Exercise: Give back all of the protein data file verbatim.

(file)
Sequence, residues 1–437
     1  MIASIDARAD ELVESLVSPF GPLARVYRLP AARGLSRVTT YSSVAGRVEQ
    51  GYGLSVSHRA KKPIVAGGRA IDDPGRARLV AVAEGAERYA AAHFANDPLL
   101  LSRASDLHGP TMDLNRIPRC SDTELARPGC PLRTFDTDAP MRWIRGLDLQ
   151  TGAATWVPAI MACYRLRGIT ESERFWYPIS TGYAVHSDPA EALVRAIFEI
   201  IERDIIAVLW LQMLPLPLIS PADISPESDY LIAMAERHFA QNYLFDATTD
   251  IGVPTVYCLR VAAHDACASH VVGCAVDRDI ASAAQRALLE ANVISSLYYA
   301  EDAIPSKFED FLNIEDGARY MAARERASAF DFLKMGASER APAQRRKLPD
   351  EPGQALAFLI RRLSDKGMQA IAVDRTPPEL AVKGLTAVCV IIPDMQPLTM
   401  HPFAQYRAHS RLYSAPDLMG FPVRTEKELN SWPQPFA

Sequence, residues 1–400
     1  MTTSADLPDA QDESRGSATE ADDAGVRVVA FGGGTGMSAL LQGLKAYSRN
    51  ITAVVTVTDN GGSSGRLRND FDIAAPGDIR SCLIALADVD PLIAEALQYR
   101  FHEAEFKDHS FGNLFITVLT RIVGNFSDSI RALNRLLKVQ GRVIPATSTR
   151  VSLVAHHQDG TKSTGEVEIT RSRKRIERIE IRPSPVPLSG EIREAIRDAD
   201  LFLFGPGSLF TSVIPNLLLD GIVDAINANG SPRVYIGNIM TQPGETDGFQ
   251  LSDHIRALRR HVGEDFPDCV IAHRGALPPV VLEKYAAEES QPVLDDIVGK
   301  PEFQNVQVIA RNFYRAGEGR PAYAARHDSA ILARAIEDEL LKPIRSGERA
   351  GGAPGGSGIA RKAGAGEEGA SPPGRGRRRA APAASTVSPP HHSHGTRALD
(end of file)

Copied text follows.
Sequence, residues 1–437
     1  MIASIDARAD ELVESLVSPF GPLARVYRLP AARGLSRVTT YSSVAGRVEQ
    51  GYGLSVSHRA KKPIVAGGRA IDDPGRARLV AVAEGAERYA AAHFANDPLL
   101  LSRASDLHGP TMDLNRIPRC SDTELARPGC PLRTFDTDAP MRWIRGLDLQ
   151  TGAATWVPAI MACYRLRGIT ESERFWYPIS TGYAVHSDPA EALVRAIFEI
   201  IERDIIAVLW LQMLPLPLIS PADISPESDY LIAMAERHFA QNYLFDATTD
   251  IGVPTVYCLR VAAHDACASH VVGCAVDRDI ASAAQRALLE ANVISSLYYA
   301  EDAIPSKFED FLNIEDGARY MAARERASAF DFLKMGASER APAQRRKLPD
   351  EPGQALAFLI RRLSDKGMQA IAVDRTPPEL AVKGLTAVCV IIPDMQPLTM
   401  HPFAQYRAHS RLYSAPDLMG FPVRTEKELN SWPQPFA

Sequence, residues 1–400
     1  MTTSADLPDA QDESRGSATE ADDAGVRVVA FGGGTGMSAL LQGLKAYSRN
    51  ITAVVTVTDN GGSSGRLRND FDIAAPGDIR SCLIALADVD PLIAEALQYR
   101  FHEAEFKDHS FGNLFITVLT RIVGNFSDSI RALNRLLKVQ GRVIPATSTR
   151  VSLVAHHQDG TKSTGEVEIT RSRKRIERIE IRPSPVPLSG EIREAIRDAD
   201  LFLFGPGSLF TSVIPNLLLD GIVDAINANG SPRVYIGNIM TQPGETDGFQ
   251  LSDHIRALRR HVGEDFPDCV IAHRGALPPV VLEKYAAEES QPVLDDIVGK
   301  PEFQNVQVIA RNFYRAGEGR PAYAARHDSA ILARAIEDEL LKPIRSGERA
   351  GGAPGGSGIA RKAGAGEEGA SPPGRGRRRA APAASTVSPP HHSHGTRALD